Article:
The Results of My 30-Day Zero Sugar Diet

Zero Sugar Diet

I decided to do a zero sugar diet for 30 days.

Pregnancy put my sweet tooth into overdrive. I discussed the ugly world of my prenatal Ben & Jerry’s addiction here. But if I’m being totally honest (raises hand at meeting): I’m Dana. And I’ve always been addicted to sugar.

I’ve just always loved a good cookie, you know? Or slice of cake, or Twizzlers, or Reeses Pieces. No, actually, my favorite treat of all time are those tri-colored, chocolate dipped Italian cookies. You know, the ones with yellow, pink and green inside? Omg. (Sigh. O.m.g.) I’m only mildly embarrassed of the fact that I used to stop at the bakery on my way to high school and buy five of them, “for later” I’d tell the baker. And then eat them in the car before I got to school.

When I went to nutrition school and learned about all the healthy things, my sugar addiction eased up a bit. As I started eating healthier, I avoided it more. But not entirely. My new treats were all of the old ones dressed up in fun, new outfits and labeled ‘organic’. You’re familiar with Justin’s Organic Peanut Butter Cups, right?

The first few weeks after Foster was born, I basically ate whatever was at an arm’s length. It really wasn’t the time to think about getting my body back or eating healthier or cutting out sugar. It was the time to survive. And since time ceases to exist when you have a screaming newborn, I justified my 9:30 am handfuls of organic, dark chocolate covered almonds by telling myself that it might as well be 6 pm according to my fucked up circadian rhythm. I knew I had a problem but, I figured I’d deal with it later, like when I’d slept through the night again.

But then I did sleep through the night, like a lot. By seven weeks Foster was snoozing happily on his lopsided head for 10-12 hours a night and I could no longer play the sleep deprivation card. I was out of excuses. It was time to face the music.

So on March 21st, I started my 30 day zero sugar diet.

I had one rule: no added sugar for 30 days.

I didn’t want to be crazy about it. I allowed wine. And I wasn’t too strict if I wasn’t cooking. For example, we’ve been ordering our favorite pizza on Friday nights and I’m sure there is a little sugar in the tomato sauce but, shrug emoji. And I also had some peanut butter pretzel nubs that had a little sugar in the ingredients, and I added a teaspoon of maple syrup to one recipe I was making but, that’s it.

Trying to be too strict would’ve probably lead me to fail and my goal for the experiment was to eliminate my cravings and break my habit of reaching for sugary treats. I figured none of the above exceptions would interfere with reaching that goal. They didn’t.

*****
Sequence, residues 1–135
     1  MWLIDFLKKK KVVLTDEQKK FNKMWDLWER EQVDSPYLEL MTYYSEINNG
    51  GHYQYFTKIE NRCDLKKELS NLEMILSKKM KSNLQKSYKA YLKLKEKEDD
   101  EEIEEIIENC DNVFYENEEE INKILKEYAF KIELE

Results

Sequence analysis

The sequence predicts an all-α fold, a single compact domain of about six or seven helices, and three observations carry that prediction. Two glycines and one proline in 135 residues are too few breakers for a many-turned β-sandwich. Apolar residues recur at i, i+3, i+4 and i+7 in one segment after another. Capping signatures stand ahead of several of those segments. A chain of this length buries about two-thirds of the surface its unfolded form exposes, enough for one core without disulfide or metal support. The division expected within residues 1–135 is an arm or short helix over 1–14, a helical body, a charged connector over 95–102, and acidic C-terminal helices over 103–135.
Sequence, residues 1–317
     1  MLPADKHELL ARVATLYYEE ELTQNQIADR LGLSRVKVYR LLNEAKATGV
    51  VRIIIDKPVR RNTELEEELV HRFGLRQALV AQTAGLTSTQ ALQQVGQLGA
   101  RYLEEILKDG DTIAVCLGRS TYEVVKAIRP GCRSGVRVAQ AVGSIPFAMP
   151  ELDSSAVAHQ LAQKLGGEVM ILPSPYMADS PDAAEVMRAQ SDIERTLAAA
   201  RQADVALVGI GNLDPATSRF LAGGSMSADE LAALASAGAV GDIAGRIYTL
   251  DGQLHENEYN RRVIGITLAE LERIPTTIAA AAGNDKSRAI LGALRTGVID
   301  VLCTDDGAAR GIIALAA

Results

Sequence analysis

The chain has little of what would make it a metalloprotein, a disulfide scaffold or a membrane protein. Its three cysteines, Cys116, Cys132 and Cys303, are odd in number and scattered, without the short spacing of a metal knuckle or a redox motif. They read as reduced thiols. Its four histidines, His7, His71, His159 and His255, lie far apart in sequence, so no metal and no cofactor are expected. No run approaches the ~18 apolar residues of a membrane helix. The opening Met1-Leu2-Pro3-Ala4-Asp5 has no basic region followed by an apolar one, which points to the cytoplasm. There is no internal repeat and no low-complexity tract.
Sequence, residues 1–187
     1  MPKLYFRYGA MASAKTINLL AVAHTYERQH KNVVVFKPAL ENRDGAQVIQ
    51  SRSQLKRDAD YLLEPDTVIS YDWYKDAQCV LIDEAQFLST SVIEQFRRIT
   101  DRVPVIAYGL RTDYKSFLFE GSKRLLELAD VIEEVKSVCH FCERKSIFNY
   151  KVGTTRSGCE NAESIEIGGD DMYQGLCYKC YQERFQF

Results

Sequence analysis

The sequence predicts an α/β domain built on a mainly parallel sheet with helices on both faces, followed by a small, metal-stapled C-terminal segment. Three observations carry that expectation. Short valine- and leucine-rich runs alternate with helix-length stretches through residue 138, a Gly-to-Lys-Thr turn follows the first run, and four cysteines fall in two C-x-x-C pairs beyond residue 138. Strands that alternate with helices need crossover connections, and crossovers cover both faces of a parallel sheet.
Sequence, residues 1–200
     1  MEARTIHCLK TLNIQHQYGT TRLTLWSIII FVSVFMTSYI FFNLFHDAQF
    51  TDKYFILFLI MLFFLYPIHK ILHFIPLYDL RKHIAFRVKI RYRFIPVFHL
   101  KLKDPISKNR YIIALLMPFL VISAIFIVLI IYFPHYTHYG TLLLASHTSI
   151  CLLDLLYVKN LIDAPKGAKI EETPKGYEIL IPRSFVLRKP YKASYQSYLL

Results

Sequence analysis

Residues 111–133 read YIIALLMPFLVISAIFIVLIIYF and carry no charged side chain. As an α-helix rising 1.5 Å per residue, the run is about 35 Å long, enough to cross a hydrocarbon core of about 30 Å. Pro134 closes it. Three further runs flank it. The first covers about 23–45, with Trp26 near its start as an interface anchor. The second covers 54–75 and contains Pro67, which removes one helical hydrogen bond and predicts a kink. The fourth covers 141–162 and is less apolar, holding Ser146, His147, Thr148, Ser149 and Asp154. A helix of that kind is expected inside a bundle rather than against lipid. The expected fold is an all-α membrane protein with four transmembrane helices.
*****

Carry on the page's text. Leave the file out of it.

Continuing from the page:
The First Week

Holy hell, I felt like crap. I was the most tired ever. I basically just laid around watching Outlander Season 1 in between taking care of Foster. But I just dealt with it. I didn’t need to be anywhere or doing anything. Most days I only saw Joel anyway (who was really interested to see if I could actually do this). And I resigned myself to being a sweatpants monster and going to bed at 8:15 pm.

The Second Week

I felt way better. My energy was back up. I was sleeping much better. And it didn’t seem to be that hard.

I’d had a few cravings, of course. For instance, the grocery store checkout line. You’re basically just standing there surrounded by sugar for five minutes while you wait. But I would busy myself with reading up on Khloe’s cheating scandal or Joanna Gaines pregnancy in the tabloids to distract myself.

The cravings at home were easier to avoid. Because I literally got rid of all of the sugar in our house and didn’t buy more. Joel was a little annoyed that there wasn’t any ice cream one night but, he coped well. He was genuinely interested in whether or not I could do this as he’s always made fun of me for my sugar addiction. And he did prevent me from eating the cheesecake at Easter, showing the power of accountability partners once again.

The Third Week

I basically forgot about it. I was in a good groove of not eating any sugar and feeling really good, and I didn’t even notice. Sugar just wasn’t a thing anymore. It was out of my routine by this point.

The Fourth Week

It still wasn’t an issue. I actually forgot about the whole thing and made it 32 days without. I remembered when we were away visiting Joel’s family and proudly announced to him that I’d succeeded. And then I ate one of those Justin’s things we talked about earlier.

The Final Verdict

I’m really happy to say that it was a success. I haven’t gone back to shoving chocolate covered anything in my face during the day. And I no longer look for sweets after dinner. I did have some ice cream recently. And I’ve had a treat here or there but, nothing like it was. I’m not trying to live sugar-free entirely, but I do believe I’ve broken its hold on me.

I feel better, I have more energy and I broke through a little baby weight loss plateau during those weeks too. All in all, a great experiment. It reinforced for me that quitting something cold turkey always seems to work better than attempting moderation or reducing incrementally. And it was also an excellent reminder that simply setting the intention to do something, making the decision and focusing on it for a bit, is all you really need to make changes for the better. Sometimes. Not always but, you know what I mean. 

What about you? Ever tried to do a zero sugar diet? Are you addicted? Do you wanna quit too? Leave a comment below. We’d love to hear from you!

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Dana

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